Guide to Live Streaming to a Google Chrome Browser from a Web-Camera

Hello,

I’m working on a project to live stream video data from a web-cam to a browser and could use some guidance.

Project Setup:

  • Source: Web-cam connected to a laptop.
  • OS: Ubuntu 20.04.
  • Encoding: H264 or H265.
  • Client: Google Chrome browser, initially on localhost (127.0.0.1) and subsequently on a tablet via WIFI.

Objective: Create a simple homepage displaying only the live video stream.

Progress & Challenges: I’ve explored using GStreamer for encoding and have considered TCP stream to an HTML page, but understand this won’t facilitate live streaming. I’ve read about HLS and WebRTC on the GStreamer forum and am leaning towards WebRTC as it seems to align with my goal of real-time streaming.

I found a WebRTC sendonly example but admit some technical aspects of live video streaming are still unclear to me.

Questions:

  1. WebRTC vs. HLS: Is WebRTC the best choice for real-time streaming in this context, or should I consider HLS?
  2. GStreamer & WebRTC: How do I set up GStreamer to capture, encode, and transmit video via WebRTC?
  3. WebRTC & Browser: How can I ensure the stream is viewable in a Chrome browser, both locally and on a tablet via WIFI?
  4. Guides/Examples: Are there any step-by-step guides or examples available for setting up a basic live streaming server using GStreamer and WebRTC?

Any guidance or resources that could help me navigate through this would be greatly appreciated. Thank you in advance!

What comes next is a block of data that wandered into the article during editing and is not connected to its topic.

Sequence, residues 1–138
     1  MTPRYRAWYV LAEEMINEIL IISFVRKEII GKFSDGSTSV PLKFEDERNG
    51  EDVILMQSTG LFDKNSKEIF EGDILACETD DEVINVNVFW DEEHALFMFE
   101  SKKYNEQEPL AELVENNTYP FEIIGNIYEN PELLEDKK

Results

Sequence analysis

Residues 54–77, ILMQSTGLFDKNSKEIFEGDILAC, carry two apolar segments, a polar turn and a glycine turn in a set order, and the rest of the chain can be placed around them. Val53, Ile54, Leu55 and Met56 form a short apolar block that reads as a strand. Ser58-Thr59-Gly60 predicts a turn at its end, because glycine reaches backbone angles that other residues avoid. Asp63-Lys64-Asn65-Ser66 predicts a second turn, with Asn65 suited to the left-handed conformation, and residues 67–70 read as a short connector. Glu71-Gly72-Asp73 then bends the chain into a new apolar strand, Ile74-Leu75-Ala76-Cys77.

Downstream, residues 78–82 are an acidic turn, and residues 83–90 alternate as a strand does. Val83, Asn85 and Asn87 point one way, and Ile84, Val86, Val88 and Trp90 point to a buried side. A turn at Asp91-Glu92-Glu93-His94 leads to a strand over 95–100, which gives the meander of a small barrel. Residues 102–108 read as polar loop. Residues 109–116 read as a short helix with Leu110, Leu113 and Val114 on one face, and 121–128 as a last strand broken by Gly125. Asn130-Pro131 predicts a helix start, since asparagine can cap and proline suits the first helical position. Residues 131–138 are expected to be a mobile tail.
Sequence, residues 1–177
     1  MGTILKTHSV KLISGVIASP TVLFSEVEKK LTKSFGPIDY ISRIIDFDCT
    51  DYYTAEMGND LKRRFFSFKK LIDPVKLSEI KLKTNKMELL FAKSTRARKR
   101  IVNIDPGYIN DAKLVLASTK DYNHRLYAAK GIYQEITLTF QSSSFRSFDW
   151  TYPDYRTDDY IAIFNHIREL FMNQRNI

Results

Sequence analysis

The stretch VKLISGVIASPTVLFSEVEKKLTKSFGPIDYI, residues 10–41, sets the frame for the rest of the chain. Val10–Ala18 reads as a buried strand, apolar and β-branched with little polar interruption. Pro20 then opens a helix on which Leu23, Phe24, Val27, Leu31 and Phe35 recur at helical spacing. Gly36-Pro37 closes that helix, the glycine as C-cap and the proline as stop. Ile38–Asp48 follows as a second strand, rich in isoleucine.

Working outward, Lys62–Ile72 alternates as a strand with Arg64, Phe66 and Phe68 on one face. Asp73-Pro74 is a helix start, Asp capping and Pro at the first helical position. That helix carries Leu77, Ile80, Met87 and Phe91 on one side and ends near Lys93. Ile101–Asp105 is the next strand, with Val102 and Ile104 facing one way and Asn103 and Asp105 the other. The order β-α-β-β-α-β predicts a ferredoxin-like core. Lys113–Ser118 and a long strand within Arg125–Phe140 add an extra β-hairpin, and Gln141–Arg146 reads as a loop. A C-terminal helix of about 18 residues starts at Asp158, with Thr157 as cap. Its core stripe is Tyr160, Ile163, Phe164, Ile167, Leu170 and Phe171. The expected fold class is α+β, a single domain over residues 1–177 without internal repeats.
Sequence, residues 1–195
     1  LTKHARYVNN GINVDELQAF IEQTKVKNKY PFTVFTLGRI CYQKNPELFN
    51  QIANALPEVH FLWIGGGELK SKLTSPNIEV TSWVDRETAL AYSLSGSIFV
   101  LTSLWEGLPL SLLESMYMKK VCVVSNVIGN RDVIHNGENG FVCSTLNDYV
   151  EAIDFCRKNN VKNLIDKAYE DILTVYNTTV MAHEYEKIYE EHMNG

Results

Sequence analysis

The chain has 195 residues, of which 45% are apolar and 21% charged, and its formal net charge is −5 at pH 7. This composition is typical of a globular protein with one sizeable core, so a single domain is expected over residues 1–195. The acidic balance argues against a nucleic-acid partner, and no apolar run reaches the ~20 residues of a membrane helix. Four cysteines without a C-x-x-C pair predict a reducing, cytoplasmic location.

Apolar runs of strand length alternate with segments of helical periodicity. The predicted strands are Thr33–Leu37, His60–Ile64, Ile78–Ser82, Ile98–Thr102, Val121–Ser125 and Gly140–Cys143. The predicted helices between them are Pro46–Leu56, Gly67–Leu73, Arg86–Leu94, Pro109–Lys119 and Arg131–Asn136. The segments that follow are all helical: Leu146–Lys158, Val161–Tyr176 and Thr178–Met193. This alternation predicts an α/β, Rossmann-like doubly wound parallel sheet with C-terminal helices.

I’ve dug a bit deeper and stumbled upon gst-rtsp-server, which seems to partially align with what I’m exploring: Real Time Streaming Protocol (RTSP). Further reading on RTP in WebRTC has been insightful, though gst-rtsp-server doesn’t seem to be crafted for web-browsers, making me ponder if I’m veering off course.

Despite testing various configurations, success eludes me, indicating a fundamental piece of the puzzle is still missing. For those interested, you might explore an example of using gst-rtsp-server for streaming (source: STMicroelectronics).

My inclination towards WebRTC remains, albeit with a cloud of uncertainty regarding the missing link to craft a successful example.

In a separate experiment, I managed to stream H264 from a webcam (/dev/video0) via UDP, but it doesn’t quite hit the mark of what I’m seeking. If you’re curious about streaming via UDP, you might find an example of H264 Streaming using GStreamer useful.

My own test was:

cssCopy code

gst-launch-1.0 -v v4l2src device=/dev/video0 ! "video/x-raw, width=640, height=480" ! x264enc pass=qual quantizer=20 tune=zerolatency ! rtph264pay ! udpsink host=127.0.0.1 port=9090
  • gst-launch-1.0: This is the command-line tool to build and run basic GStreamer pipelines.
  • v4l2src device=/dev/video0: This sets the video source to the first webcam available on your system.
  • "video/x-raw, width=640, height=480": This sets the raw video format and specifies the width and height of the video.
  • x264enc pass=qual quantizer=20 tune=zerolatency: This uses the x264 encoder, with settings aimed at reducing latency.
  • rtph264pay: This converts the H264 encoded Payload to RTP packets (RTP payload format for H264 video streams).
  • udpsink host=127.0.0.1 port=9090: This sends the RTP packets to the specified UDP address and port

You might want to give webrtcsink a try. That offers you a simple way to set up send-only WebRTC streams from GStreamer, and you can then receive those via some web app in a browser.

Correct, none of the usual web browsers support RTSP out of the box. Your choices are WebRTC (low latency) or HLS/DASH/etc (higher latency, CDN-capable).